Construction of U.S.-Mexico border wall prototypes begins despite lack of funding

Prototypes for Mexico border wall

Federal contractors are working on eight versions of a proposed border wall to divide the U.S. and Mexico. Although the wall, one of President Trump's chief campaign promises, has yet to be funded the contractors are essentially auditioning for the full government contract.

Those prototypes are being built in a remote area of California, about two miles east of the San Diego-Tijuana border, where there are already two existing walls in place, reports CBS News' Mireya Villarreal.

CBS News cameras were rolling Tuesday before Border Patrol officials prepared to speak to the media, when a Mexican man jumped over the fence behind them and ran into the United States. Juan Gomez, a young father from Chiapas, Mexico, was arrested by Border Patrol agents.

Gomez told CBS News that he came here for work and for a better future. 

Acting Border Patrol sector chief Roy Villarreal says his agents need more help.
"Having worked for 29 years along the border, it has been a constant evolution. We're arresting over half a million people, illegal entrants, a year," the chief said. 

Construction began near San Diego on prototypes for a U.S.-Mexico border wall, Sept. 26, 2017. U.S. Customs and Border Protection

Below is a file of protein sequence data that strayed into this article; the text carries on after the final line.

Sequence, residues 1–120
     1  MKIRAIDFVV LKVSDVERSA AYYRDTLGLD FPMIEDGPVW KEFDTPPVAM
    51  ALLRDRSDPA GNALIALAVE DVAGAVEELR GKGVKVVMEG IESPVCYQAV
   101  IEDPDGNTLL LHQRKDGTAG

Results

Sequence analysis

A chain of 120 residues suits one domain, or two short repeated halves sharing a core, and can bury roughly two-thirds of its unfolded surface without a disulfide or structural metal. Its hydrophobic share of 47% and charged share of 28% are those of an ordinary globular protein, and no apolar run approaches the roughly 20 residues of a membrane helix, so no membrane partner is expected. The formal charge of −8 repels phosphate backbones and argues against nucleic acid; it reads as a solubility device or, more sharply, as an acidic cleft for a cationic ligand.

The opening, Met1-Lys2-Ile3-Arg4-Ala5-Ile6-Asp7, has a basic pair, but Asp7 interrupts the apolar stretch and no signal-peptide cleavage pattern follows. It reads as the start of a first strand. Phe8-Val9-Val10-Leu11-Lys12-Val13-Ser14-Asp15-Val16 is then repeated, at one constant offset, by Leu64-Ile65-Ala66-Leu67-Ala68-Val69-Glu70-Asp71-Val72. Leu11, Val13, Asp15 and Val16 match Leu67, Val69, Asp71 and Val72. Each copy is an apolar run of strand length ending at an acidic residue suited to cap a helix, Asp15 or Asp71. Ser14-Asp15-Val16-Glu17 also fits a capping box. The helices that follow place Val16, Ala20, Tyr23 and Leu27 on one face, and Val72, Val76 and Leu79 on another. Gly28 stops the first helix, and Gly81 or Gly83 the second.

In Alabama last week, President Trump said the new wall will be done in six or seven months. Few people believe that's likely. The president has also called for certain features in public that are at odds with the initial instructions given to contractors.

"You need to have a great wall but it has to be see-through. We are looking at different examples already of see-through walls. And I think also to be honest with you a see-through wall would look better," Trump said.

Eight prototypes will be built ranging from 18 to 30 feet high and stretching 30 feet long. Four of them will be made with concrete and four with "alternate materials." Contractors can work around the clock for 30 days to build their version of the wall. Roy Villarreal told reporters that in the end, the government's choice may be a combination of designs.

Opponents of the wall say it's a waste of money that won't make Americans safer.

"These prototypes will only serve to get the president to send another tweet and won't do a single thing to protect our security along the border," said Christian Ramirez, the human rights director of Alliance San Diego, which represents more than 60 groups that oppose the wall.

"This is nothing else and political theater at the expense of taxpayers," Ramirez said.

The prototypes will cost about $500,000 apiece. The Trump administration has asked for $1.6 billion in financing to start the new wall project.

But so far, Congress has not approved that – let alone the tens of billions that would be required for the president's full border security plan.